These speed tests were filmed at actual web page rendering times. If you’re interested in the technical details, read on!
- Computer: MacBook Pro laptop with Windows installed
- Monitor – 24″ Asus: We had to replace the standard fluorescent backlight with very large tungsten fixtures to funnel in more light to capture the screen. In addition, we flipped the monitor 180 degrees to eliminate a shadow from the driver board and set the system preferences on the computer to rotate 180 degrees. No special software was used in this process.
- Camera: Phantom v640 High Speed Camera at 1920 x 1080, films up to 2700 fps
“Why does allrecipes.com in the potato gun sequence appear at once, and not the text first and images second? And why does it appear to render from bottom of the screen to the top?”
Chrome sends the rendered page to the video card buffer all at once, which is why allrecipes.com appears at once, and not with the text first and images second. Chrome actually paints the page from top to bottom, but to eliminate a shadow from the driver board, we had to flip the monitor upside down and set the system preferences in Windows to rotate everything 180 degrees, resulting in the page appearing to render from bottom to top.
“Why does the top one third of the page appear first on the weather.com page load?”
Sometimes only half the buffer gets filled before the video card sends its buffer over to the LCD panel. This is because Chrome on Windows uses GDI to draw, which does not do v-sync.
“The screen wipes are so smooth – how was that achieved?”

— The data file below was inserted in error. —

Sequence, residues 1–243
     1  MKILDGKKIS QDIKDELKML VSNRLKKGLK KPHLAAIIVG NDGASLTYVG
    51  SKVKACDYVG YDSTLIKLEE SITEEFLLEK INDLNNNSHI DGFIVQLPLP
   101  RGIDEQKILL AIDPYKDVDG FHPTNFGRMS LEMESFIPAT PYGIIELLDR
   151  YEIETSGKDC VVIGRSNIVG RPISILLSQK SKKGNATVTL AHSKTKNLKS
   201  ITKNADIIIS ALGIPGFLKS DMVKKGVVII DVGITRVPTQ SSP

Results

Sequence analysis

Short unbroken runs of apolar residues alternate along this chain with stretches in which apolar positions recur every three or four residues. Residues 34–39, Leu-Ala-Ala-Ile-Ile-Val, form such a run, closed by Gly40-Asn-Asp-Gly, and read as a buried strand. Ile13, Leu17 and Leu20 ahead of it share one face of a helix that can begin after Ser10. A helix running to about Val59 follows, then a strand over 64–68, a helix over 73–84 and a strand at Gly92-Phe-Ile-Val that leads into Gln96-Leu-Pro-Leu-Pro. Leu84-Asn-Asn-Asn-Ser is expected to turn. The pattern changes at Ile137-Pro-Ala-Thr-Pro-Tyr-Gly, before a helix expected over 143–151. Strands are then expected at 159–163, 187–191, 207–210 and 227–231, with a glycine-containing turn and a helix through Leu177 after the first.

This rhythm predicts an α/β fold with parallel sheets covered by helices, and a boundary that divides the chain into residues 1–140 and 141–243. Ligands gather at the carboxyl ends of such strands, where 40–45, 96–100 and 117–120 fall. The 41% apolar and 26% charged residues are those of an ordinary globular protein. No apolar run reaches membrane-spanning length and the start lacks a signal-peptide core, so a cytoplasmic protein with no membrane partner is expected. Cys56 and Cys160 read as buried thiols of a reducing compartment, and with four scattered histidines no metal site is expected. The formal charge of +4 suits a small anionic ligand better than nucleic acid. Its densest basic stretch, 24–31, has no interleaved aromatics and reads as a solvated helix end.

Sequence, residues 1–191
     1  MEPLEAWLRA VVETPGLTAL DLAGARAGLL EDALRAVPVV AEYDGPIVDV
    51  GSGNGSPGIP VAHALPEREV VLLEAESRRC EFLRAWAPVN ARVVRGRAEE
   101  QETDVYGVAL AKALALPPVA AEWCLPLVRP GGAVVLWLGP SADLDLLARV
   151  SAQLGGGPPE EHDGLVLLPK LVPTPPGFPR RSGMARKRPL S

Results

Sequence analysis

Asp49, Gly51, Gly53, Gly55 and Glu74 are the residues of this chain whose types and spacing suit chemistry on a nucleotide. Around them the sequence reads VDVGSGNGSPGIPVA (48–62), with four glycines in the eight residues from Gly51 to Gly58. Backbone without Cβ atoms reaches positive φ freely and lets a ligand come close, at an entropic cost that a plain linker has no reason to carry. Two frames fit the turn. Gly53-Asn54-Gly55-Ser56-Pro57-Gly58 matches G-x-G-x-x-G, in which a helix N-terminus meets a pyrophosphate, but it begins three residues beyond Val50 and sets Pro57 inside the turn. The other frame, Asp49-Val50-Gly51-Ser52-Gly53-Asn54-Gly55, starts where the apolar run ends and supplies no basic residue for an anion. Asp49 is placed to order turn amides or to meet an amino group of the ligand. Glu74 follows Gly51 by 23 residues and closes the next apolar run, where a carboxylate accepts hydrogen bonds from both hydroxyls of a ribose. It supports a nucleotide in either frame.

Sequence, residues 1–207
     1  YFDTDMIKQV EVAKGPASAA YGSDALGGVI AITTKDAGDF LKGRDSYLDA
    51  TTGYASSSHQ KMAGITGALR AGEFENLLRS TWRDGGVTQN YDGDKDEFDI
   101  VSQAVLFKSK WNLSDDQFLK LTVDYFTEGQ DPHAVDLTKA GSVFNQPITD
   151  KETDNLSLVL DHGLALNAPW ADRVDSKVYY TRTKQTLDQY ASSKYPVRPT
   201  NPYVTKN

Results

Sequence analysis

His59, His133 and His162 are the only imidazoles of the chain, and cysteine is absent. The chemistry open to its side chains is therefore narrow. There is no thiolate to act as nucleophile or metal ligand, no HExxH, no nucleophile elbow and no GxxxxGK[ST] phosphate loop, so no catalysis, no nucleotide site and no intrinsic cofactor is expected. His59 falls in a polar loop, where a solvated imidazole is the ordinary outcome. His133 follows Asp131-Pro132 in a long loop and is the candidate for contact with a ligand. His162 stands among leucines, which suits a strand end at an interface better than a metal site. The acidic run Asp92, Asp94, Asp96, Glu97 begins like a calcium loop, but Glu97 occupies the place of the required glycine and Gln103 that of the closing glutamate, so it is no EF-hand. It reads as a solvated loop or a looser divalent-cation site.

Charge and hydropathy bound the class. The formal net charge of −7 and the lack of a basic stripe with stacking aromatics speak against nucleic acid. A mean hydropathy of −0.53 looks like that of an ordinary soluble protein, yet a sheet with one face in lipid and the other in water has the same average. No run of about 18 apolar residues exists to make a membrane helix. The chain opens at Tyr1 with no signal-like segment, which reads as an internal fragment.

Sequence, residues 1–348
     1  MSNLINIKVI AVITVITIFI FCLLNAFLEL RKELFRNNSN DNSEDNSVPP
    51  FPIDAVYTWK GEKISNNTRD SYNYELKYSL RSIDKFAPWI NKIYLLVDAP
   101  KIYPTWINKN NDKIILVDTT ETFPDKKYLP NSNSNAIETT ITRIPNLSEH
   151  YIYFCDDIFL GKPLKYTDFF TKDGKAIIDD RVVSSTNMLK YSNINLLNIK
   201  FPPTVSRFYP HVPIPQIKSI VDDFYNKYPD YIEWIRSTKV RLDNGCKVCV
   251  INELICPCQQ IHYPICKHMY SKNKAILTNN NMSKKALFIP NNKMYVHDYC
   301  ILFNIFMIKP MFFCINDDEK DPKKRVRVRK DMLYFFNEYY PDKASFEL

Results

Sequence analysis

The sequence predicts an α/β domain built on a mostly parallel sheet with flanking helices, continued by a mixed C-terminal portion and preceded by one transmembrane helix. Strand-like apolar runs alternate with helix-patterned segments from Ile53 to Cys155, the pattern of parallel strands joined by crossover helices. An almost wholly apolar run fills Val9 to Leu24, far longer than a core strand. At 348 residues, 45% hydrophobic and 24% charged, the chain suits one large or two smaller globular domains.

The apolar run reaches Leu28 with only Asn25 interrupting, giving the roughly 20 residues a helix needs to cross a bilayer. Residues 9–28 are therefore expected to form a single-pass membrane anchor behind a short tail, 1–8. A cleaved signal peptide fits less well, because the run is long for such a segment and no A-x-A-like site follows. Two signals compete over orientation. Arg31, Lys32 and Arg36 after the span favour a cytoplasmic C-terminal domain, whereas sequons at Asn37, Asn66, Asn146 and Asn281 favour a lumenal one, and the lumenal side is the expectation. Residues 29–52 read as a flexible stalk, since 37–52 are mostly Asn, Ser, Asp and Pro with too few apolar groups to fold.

The screen wipes up in a gradated wipe because LCD pixels take around 10ms to flip and gradually change color.
More filming details below:
Chrome Browser vs. Potato:
We used a version of the web page allrecipes.com that is accessible when logged in. About four hours into the Potato Gun shoot we decided to use a locally loaded version of the web page to enable more precise synchronization with the potato gun. We finally got the shot we were hoping for after 51 takes.
Chrome Browser vs. Sound:
We loaded an artist page from Pandora.com, a streaming internet radio service directly off the web on a 15Mbps internet connection.
Chrome Browser vs. Lightning:
We used a locally loaded version of weather.com that was legally approved for use in this video (and all the standard website permissions procedures that goes into making videos!)
While we had a super fast 15Mbps internet connection in the studio, any live internet connection introduces quite a bit of variability. To run speed tests on page rendering times, saving locally and loading from the local disk can help reduce this variability.